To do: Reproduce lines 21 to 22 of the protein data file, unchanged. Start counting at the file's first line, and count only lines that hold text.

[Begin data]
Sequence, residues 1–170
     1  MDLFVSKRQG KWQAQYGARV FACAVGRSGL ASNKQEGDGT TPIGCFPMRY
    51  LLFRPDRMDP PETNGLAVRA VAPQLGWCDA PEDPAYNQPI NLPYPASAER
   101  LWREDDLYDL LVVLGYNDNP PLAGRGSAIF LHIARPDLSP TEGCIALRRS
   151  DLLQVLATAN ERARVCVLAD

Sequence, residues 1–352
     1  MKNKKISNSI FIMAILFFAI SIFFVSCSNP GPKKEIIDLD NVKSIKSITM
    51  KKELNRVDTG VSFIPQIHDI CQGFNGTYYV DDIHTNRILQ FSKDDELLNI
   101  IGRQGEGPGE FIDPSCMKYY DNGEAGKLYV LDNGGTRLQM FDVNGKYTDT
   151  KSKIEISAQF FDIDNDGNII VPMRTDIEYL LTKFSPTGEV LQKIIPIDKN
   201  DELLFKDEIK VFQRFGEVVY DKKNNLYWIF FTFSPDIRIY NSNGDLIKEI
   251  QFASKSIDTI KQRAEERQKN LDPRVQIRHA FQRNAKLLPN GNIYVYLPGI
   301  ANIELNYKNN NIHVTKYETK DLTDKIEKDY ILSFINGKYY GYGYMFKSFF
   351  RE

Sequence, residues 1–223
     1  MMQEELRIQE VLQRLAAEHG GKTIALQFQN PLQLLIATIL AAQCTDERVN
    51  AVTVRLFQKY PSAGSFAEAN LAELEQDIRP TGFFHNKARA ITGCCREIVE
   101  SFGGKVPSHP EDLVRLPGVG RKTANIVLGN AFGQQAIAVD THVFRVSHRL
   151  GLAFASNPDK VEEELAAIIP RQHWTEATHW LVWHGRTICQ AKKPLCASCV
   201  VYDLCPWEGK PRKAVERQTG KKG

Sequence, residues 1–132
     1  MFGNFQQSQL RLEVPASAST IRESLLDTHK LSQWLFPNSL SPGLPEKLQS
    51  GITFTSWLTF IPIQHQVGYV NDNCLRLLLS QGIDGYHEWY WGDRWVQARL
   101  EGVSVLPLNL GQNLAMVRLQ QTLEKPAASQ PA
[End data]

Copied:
Sequence, residues 1–132
     1  MFGNFQQSQL RLEVPASAST IRESLLDTHK LSQWLFPNSL SPGLPEKLQS